GI Lipid Digestion

Overview
  • The major dietary lipids include triglycerides, phospholipids, cholesterol, and cholesterol esters with triglycerides accounting for the vast majority of calories. Digestive enzymes can only access lipids when they come into contact with aqueous fluid; however, lipids tend to self-aggregate into large droplets with little exposure to the aqueous environment. For sufficient digestion to occur, lipids must first be emulsified, a process which breaks up large lipid droplets into much smaller units, thus significantly expanding the lipid-water surface area.
Emulsification
  • Emulsification is the process of disaggregation of large lipid droplets into smaller droplets that have a higher surface area-to-volume ratio. Emulsification aids in lipid digestion by opening up more surface area where digestive enzymes can attack the droplet. The primary physiological emulsifiers are bile acids and the phospholipid lecithin, both of which are synthesized by the liver and secreted into the bile. These molecules in combination with physical agitation by the GI tract significantly emulsifies large lipid droplets.
Digestion
  • Overview
    • Digestion of lipids primarily occurs in the small intestine with small contributions by the stomach and salivary glands. The churning action of gastric motility partially emulsifies ingested lipids with the aid of dietary proteins which can act as weak emulsifiers.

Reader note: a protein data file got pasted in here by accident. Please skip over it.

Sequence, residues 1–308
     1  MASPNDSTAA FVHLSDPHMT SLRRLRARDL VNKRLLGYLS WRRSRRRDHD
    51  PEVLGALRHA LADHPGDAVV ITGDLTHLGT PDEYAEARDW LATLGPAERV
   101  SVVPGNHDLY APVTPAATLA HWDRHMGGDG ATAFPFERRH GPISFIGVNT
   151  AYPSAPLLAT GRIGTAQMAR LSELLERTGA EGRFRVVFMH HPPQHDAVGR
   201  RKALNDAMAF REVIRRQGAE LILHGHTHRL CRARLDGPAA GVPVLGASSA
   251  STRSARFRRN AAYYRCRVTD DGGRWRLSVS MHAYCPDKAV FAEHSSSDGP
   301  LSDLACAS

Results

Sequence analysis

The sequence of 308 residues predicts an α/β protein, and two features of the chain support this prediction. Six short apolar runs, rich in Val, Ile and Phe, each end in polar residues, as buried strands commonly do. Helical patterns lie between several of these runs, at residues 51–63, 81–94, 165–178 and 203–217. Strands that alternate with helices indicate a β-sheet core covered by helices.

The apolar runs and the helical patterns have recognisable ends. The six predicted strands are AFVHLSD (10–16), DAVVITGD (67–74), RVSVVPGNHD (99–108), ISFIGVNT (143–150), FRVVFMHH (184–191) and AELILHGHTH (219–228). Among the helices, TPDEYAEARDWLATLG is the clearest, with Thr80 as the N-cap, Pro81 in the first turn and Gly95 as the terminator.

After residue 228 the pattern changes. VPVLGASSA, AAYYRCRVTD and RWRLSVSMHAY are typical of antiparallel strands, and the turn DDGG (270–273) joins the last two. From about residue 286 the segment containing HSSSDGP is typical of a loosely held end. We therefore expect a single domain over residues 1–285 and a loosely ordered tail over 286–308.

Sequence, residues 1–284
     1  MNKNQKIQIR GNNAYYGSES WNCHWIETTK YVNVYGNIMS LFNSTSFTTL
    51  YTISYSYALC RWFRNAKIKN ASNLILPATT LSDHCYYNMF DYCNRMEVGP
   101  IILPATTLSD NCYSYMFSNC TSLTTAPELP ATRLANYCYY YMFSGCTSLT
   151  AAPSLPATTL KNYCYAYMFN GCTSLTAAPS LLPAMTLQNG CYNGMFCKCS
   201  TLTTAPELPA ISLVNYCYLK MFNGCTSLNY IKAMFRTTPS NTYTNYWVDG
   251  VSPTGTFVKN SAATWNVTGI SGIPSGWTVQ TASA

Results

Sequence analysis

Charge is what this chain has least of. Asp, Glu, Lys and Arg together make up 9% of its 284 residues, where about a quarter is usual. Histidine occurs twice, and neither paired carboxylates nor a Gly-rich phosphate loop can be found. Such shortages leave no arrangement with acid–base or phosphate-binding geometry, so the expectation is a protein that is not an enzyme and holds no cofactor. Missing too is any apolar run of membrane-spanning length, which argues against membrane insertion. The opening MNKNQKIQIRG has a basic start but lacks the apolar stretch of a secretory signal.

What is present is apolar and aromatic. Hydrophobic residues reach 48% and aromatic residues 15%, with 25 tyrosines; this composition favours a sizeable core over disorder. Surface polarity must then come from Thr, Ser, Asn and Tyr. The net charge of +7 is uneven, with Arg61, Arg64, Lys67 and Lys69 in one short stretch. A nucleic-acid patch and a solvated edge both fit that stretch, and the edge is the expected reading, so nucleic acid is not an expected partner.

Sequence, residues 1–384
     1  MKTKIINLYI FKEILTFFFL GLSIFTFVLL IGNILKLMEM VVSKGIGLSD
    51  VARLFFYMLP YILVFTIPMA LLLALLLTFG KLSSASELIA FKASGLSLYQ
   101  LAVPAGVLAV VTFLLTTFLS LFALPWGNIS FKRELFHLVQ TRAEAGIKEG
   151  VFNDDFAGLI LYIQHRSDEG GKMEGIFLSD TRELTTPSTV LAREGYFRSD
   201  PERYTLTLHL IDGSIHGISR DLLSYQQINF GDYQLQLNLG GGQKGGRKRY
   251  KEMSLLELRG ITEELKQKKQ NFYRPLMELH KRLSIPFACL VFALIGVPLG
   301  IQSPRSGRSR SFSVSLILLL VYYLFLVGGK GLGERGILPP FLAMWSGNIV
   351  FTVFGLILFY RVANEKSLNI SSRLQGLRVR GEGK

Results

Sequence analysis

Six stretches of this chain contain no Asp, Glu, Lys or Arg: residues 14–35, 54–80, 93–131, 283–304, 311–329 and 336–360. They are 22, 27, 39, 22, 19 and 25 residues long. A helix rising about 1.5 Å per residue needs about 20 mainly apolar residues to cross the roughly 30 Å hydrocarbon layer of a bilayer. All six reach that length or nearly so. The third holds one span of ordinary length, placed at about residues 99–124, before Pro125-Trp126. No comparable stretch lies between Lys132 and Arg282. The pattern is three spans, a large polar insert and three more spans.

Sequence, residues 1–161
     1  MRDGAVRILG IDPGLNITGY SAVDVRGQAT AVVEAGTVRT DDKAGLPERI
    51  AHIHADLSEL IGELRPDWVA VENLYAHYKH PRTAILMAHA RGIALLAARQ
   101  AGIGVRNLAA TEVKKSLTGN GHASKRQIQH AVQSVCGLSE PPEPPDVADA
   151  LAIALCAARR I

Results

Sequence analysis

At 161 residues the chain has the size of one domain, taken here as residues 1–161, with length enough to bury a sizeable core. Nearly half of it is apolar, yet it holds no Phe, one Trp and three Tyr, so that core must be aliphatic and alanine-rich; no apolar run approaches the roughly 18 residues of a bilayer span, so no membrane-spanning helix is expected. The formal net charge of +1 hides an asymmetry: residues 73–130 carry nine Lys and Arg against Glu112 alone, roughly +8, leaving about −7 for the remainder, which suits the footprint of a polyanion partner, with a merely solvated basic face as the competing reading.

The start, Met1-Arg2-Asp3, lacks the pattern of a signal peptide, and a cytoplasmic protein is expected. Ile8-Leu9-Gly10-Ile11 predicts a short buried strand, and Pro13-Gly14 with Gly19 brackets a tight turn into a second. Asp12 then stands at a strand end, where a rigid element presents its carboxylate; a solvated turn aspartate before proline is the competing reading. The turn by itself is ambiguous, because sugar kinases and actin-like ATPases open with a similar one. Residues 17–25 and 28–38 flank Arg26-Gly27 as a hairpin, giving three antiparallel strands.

• In addition, the stomach and salivary glands secrete low levels of lipases which begin the process of lipid digestion although this is not physiologically critical.
  • Small Intestine
    • The primary location for lipid digestion is the small intestine where strong emulsifiers synthesized by the liver are present together with strong lipid-digesting enzymes synthesized by the pancreas. Bile secreted into the small intestine provides bile acids and phospholipids, strong emulsifiers which help break lipid droplets into smaller sizes whose large exposed surface area is then exploited by pancreatic enzymes. The exocrine pancreas synthesizes a number of enzymes which digest lipids into smaller chemical constituents.
    • Pancreatic Lipase digests triglycerides into components fatty acids and 2-monoglycerides
    • Pancreatic Cholesterol Esterase digests cholesterol esters into component cholesterol and fatty acid
    • Pancreatic Phospholipase A2 digests phospholipids into their component head groups and fatty acid
    • Importantly, the derived amphipathic fatty acids from all these digestive reactions can also contribute to emulsification of undigested lipids